Between 1845-1850, 1 million Irish people died from starvation in The Irish Famine. A further 1 million Irish people were forced to emigrate. Between 1850 and the early 1960s, Ireland's population fell every year due to further waves of emigration.


Those who emigrated celebrated their homeland through music and dance. This global Irish diaspora sang songs of longing and lament for the country they had left - a style that became known as Caoineadh (pronounced kween-ah).

Different styles of traditional music from various Irish regions were blended among among Irish communities abroad. This process in the USA, Canada, Australia and the United Kingdom helped reinvigorate the musical tradition back in Ireland.

Irish Music in the Early 20th Century

During the Gaelic Revival of the late 19th and early 20th centuries, the first recordings of traditional Irish music were made.

One of the most famous Irish traditional musicians at the time was a fiddle player called Michael Coleman. After immigrating to New York from Sligo in the 1920s, he recorded . They had a major impact back home. His influential style became famous all over Ireland and, in turn, the world.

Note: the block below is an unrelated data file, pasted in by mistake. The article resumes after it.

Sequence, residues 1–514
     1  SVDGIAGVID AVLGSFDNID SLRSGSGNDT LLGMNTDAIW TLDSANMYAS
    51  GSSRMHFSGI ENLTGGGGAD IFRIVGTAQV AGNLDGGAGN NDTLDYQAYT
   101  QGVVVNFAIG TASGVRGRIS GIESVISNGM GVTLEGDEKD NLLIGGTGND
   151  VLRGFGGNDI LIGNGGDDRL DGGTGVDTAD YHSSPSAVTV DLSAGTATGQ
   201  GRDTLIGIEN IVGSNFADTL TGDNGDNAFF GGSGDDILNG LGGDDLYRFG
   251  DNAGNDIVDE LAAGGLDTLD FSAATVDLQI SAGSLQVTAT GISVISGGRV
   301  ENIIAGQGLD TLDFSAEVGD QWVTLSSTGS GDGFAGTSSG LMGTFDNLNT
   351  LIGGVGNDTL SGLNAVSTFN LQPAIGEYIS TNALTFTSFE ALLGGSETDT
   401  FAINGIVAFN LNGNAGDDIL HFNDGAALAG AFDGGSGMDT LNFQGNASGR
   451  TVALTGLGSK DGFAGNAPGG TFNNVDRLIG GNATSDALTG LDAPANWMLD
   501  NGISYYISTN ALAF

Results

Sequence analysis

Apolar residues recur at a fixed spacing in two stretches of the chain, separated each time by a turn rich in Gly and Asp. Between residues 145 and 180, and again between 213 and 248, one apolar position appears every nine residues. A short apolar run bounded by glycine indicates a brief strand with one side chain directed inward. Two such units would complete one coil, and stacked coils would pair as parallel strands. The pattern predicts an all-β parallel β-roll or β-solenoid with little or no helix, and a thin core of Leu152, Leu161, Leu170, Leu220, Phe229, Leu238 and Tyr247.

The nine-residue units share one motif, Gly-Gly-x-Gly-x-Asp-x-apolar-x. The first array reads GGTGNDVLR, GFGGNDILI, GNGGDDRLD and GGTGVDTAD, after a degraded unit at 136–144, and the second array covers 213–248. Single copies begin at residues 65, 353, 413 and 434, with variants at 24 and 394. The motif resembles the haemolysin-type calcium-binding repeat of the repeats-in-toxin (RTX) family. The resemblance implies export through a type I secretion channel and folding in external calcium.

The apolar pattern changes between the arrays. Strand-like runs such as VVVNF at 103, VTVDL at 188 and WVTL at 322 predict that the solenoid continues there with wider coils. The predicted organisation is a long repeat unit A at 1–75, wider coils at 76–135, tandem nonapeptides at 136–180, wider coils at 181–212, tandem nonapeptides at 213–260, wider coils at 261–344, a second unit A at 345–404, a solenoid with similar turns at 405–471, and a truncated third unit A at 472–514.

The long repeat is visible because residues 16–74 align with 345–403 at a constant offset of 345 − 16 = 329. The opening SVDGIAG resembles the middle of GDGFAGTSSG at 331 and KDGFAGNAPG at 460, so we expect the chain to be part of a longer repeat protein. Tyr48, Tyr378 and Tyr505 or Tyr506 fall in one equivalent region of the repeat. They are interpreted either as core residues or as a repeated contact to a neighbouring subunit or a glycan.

1960s Revival

The 1960s and 1970s era saw another major revival of Irish traditional music. Influenced by trends in British, European and American folk music revivals, Irish traditional music's popularity was renewed.

One of the most influential personalities of this era was Seán Ó'Ríada. Traditionally, Irish music was always accompanied by dance. With his classical training, O'Ríada developed a style to be listened to.

His band, Ceoltóiri Chualann, helped traditional Irish music become respected and fashionable among an urban audience. No longer was 'trad' negatively associated with rural Ireland and impoverishment.

New Instruments. New Styles.

The 1970s were a period of innovation. Bands like Planxty, The Chieftains and The Dubliners further developed and popularised Irish music.

New instruments, such as the bouzouki (borrowed from Greece by Johnny Moynihan of the folk group Sweeney's Men) were added to the Irish music tradition.

Clannad achieved success with a mystical, New Age style. One of their original members was Enya; she achieved global success with her fusion of Irish music with electronic and international folk styles.